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## A Community Devoted to the Preservation and Practice of Celestial Navigation and Other Methods of Traditional Wayfinding

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Re: measuring sextant instrument error
From: Bill Murdoch
Date: 2000 Sep 13, 5:51 PM

```Paul Hirose and Dick Winchurch, thanks.

I now think I understand how the instrument error in a homemade octant could
be measured.  It is much easier than I had thought.

I got stuck on trying to measure the angle between the sight line to the
horizon and the sight line to the body.  That would be hard to do because the
intersection of the two lines occurs behind the octant and moves as the index
mirror moves.  To make the intersection of the two sight lines occur in the
middle of a measuring circle, the octant would have to be relocated each time
the index arm was moved for a measurement.  That would not be an easy task.

The way you describe is so much better.  Fix the octant body with its index
mirror in the center of a circle with the perimeter of the circle marked in
minutes of arc.  That puts the sight line from the index mirror to the body
on a circle radius and puts the horizon sight line on a line offset from, but
parallel to, a circle radius.  Setting the octant to zero determines the
location of both the horizon target and the body target on the perimeter of
the circle for an octant reading of zero.  At zero the targets are separated
by the distance between the telescope and the index mirror.  During the
calibration neither the octant frame nor the horizon target is moved.  The
body target is moved along the calibrated perimeter of the circle, and its
position is measured by moving the index arm of the octant and reading the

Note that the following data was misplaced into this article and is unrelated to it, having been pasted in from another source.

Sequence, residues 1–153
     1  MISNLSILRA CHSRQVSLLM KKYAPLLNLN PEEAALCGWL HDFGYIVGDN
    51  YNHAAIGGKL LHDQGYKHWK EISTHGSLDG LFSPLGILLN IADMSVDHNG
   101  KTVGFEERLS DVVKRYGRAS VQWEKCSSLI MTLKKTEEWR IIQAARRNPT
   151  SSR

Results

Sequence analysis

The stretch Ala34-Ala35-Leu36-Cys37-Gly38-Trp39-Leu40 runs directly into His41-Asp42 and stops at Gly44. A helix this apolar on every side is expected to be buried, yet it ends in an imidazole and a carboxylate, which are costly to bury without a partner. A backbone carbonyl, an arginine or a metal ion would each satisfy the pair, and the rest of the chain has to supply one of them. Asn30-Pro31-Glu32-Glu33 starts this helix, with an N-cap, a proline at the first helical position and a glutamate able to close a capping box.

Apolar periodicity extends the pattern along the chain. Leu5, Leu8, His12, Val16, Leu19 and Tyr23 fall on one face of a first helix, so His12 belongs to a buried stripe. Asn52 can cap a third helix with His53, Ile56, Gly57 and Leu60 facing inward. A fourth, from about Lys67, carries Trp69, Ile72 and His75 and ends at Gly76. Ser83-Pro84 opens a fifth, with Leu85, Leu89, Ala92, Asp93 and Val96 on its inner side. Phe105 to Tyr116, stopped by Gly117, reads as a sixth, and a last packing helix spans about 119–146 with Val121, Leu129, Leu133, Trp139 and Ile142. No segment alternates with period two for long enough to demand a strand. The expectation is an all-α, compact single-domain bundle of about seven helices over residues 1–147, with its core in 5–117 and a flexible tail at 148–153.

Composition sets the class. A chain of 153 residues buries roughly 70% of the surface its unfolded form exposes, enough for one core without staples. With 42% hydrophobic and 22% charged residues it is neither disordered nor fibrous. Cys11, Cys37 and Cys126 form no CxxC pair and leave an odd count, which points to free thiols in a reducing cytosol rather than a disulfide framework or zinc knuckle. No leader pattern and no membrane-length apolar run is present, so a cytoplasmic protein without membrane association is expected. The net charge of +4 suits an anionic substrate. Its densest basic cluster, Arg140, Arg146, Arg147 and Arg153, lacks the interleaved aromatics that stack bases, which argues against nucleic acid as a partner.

scale on the arc of the octant.  A comparison of the change in the position
of the body target on the circle perimeter with the arc reading would give
the instrument error.

I think I can do it in my garage like this:  (1) Fix a block of wood on the
floor with a 1/4" hole drilled in the wood.  (2) Strike an arc just over 100
degrees in length with a radius of 6,875.5 mm centered on the hole.  (3)
Stand a steel tape measure on edge along the arc so that each 1 minute of arc
is 2 mm on the tape.  Replace the pivot bolt in the octant with a longer bolt
and place the octant over the block of wood so that the bolt slips into the
hole.  That places the index mirror over the center of the circle.  (4) Read
the steel tape scale in the horizon glass for reference.  That reading
becomes the horizon.  (5) With the index arm set to 0 degrees read the steel
tape scale at the spot that is superimposed over the horizon reading.  That
begins the calibration.  (6) Move the index arm and note the scale reading
viewed in the index mirror that is now superimposed over the horizon reading.
If the scale can be read to a half millimeter, the sextant error can be
measured to 0.25 minutes of arc.  That is four times better than my usual
shooting accuracy and I think good enough for checking a homemade instrument.

Think that would that work ?

Bill Murdoch
```
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